Republicans Won’t Stop Talking About Abortion

WASHINGTON - MAY 31: U.S. Rep. Trent Franks (R-AZ) testifies during a hearing before the Energy and Power Subcommittee of the House Energy and Commerce Committee May 31, 2011 on Capitol Hill in Washington, DC. The hearing was to examine the protection of the nation's electric grid from physical and cybersecurity threats and vulnerabilities.
National Journal
Sophie Novack
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Sophie Novack
Jan. 9, 2014, 2:09 p.m.

The hear­ing on abor­tion fund­ing got emo­tion­al for the 12 male mem­bers of the House Ju­di­ciary Sub­com­mit­tee on the Con­sti­tu­tion and Civil Justice Thursday.

Re­pub­lic­ans con­tin­ued their fight against abor­tion in con­sid­er­ing the No Tax­pay­er Fund­ing for Abor­tion Act, which would pre­vent wo­men and small busi­nesses from re­ceiv­ing Obama­care tax sub­sidies for health plans that in­clude abor­tion cov­er­age, ex­cept in cases of rape, in­cest, or danger to the moth­er’s life.

Un­sur­pris­ingly, the hear­ing be­came a heated de­bate over abor­tion rights, with the con­gress­men and their three wit­nesses philo­soph­iz­ing on is­sues of re­li­gion, wo­men’s rights, the death pen­alty, and em­bryon­ic stem-cell re­search. Mem­bers ten­ded to tread care­fully and some­times awk­wardly, with Re­pub­lic­ans de­clar­ing their op­pos­i­tion to abor­tion over­all, and Demo­crats ar­guing that they were at­tempt­ing to pro­hib­it wo­men from a con­sti­tu­tion­ally gran­ted right.

“50 mil­lion dead chil­dren is enough,” Chair­man Trent Franks, R-Ar­iz., said bluntly in his open­ing state­ment, re­fer­ring to the es­tim­ated num­ber of abor­tions per­formed since the pas­sage of Roe v. Wade.

In fact, fed­er­al fund­ing for abor­tions is already pro­hib­ited un­der the law. If a wo­man elects to have an abor­tion, she is per­son­ally re­spons­ible for the premi­um to cov­er that pro­ced­ure.

“This is a tax in­crease on wo­men who choose to use their own money on abor­tion in cer­tain cir­cum­stances,” said rank­ing mem­ber Jer­rold Nadler, D-N.Y.

Fed­er­al fund­ing for abor­tion has been out­lawed since the pas­sage of the Hyde Amend­ment in 1976. The amend­ment pro­hib­its fund­ing of abor­tion ser­vices through fed­er­ally sponsored Medi­caid cov­er­age.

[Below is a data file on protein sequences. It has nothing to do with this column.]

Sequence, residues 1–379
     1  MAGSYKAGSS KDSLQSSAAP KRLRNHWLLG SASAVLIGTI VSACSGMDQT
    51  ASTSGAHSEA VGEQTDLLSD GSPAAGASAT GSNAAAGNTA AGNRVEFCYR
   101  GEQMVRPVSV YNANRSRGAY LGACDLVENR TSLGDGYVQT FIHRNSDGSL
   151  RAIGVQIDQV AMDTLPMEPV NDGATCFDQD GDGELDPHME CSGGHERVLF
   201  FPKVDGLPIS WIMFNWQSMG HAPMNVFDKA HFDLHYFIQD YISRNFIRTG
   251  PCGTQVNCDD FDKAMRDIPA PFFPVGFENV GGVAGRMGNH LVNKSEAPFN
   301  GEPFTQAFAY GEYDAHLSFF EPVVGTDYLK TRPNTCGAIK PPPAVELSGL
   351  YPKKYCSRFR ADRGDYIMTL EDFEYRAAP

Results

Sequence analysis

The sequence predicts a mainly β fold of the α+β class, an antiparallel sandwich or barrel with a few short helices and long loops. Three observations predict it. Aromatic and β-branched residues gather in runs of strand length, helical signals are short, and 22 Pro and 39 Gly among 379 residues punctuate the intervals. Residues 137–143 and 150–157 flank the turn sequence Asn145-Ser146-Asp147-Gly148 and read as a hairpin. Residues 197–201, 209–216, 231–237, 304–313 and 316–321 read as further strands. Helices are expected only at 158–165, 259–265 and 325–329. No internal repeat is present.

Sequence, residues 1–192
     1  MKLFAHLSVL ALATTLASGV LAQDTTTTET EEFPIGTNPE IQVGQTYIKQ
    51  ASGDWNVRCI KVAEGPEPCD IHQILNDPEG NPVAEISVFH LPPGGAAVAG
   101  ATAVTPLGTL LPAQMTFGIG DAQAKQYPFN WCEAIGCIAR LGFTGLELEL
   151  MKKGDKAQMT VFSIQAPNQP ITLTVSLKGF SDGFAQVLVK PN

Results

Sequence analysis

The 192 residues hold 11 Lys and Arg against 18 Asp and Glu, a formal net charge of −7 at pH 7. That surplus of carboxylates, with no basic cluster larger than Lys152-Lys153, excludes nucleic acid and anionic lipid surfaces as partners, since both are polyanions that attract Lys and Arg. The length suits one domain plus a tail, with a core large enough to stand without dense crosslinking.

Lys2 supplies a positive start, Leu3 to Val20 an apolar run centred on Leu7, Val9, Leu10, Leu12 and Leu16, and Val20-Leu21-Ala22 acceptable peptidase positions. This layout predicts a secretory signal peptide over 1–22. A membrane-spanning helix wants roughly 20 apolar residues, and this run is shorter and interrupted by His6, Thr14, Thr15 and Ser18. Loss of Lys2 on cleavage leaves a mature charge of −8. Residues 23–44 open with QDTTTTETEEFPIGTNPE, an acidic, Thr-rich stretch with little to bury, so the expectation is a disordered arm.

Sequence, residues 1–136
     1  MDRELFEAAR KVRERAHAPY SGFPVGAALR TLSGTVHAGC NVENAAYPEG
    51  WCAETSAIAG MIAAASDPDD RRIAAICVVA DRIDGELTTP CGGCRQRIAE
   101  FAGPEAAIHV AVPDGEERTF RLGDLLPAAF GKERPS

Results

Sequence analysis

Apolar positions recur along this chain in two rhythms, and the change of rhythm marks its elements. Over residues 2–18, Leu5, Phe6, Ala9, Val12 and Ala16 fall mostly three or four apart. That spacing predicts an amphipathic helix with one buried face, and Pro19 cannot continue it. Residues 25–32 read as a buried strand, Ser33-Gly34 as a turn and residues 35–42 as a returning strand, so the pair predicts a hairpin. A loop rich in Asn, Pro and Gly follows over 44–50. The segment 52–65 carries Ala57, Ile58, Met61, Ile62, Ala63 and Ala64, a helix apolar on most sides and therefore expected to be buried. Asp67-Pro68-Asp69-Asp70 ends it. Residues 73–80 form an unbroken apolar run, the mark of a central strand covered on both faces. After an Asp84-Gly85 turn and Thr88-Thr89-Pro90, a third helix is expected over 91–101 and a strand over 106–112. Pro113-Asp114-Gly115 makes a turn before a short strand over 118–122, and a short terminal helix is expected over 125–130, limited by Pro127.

The Af­ford­able Care Act com­plic­ates this is­sue be­cause it is the first time fed­er­al fund­ing is go­ing to­ward private in­sur­ance, in the form of tax cred­its for low-in­come con­sumers. As a res­ult, the law re­quires abor­tion ser­vices be se­greg­ated from sub­sid­ized cov­er­age.

The ACA neither re­quires nor pro­hib­its ex­change plans from in­clud­ing abor­tion cov­er­age; the de­cision is up to the in­di­vidu­al in­surer. If a plan of­fers no abor­tion ser­vices, or of­fers them only in the case of rape, in­cest, and life en­dan­ger­ment, fed­er­al sub­sidies can go to­ward the plan as a whole. If abor­tions are in­cluded bey­ond these cases, the pay­ment for the ser­vice must be made sep­ar­ately from the rest of the premi­um.

The law man­dates that at least one plan be avail­able on each ex­change that does not in­clude abor­tion cov­er­age, should con­sumers be op­posed.

Ul­ti­mately, dis­cre­tion lies with the states, which are able to make the fi­nal rul­ing on in­clu­sion of abor­tion cov­er­age in ex­change plans. Twenty-four states have elec­ted to ban abor­tion ser­vices in their ex­change plans thus far.

Those who sup­port the bill worry about breaches in the Hyde Amend­ment through the ex­changes, and they say con­sumers should not be sub­sid­iz­ing oth­ers’ abor­tions. The two ma­jor­ity wit­nesses ar­gued that most wo­men and low-in­come in­di­vidu­als are op­posed to abor­tions and do not ac­tu­ally want them in­cluded in in­sur­ance plans.

Op­pon­ents of the bill ar­gue that fed­er­al fund­ing is already blocked from abor­tion ser­vices, and the le­gis­la­tion is really an at­tempt by an­ti­abor­tion ad­voc­ates to ban abor­tions al­to­geth­er — a claim many in the hear­ing did not seem to deny.

“Those who op­pose abor­tion have tried and failed to make it il­leg­al, so they’re try­ing to make it al­most im­possible to ob­tain,” said the minor­ity wit­ness, Susan Frank­lin Wood, as­so­ci­ate pro­fess­or of health policy and dir­ect­or of the Jac­obs In­sti­tute of Wo­men’s Health at George Wash­ing­ton Uni­versity.

Wood poin­ted out that abor­tion has his­tor­ic­ally been covered by many private in­sur­ance plans, but wor­ries that pas­sage of this bill would cre­ate a “chilling ef­fect,” caus­ing in­surers to end cov­er­age.

The ex­cep­tion for rape and in­cest would re­quire in­surers and the IRS to make a judg­ment she says they are not qual­i­fied to make. “It raises a lot of reg­u­lat­ory, over­sight, and im­ple­ment­a­tion con­cerns that in­surers have nev­er been in­volved in. They could cut out [abor­tion cov­er­age] en­tirely to not deal with these de­term­in­a­tions.”

Pas­sage of the act would still al­low states to provide fund­ing for abor­tion ser­vices if they choose to do so. The ex­cep­tion is Wash­ing­ton, D.C., which would not be per­mit­ted to use loc­al funds.

The bill would not likely pass the Sen­ate or be signed by Pres­id­ent Obama. Still, after 2013 — which saw the second-most abor­tion re­stric­tions ever en­acted by state le­gis­latures in a single year — the hear­ing Thursday is an in­dic­a­tion that House Re­pub­lic­ans aren’t giv­ing up their fight any­time soon.

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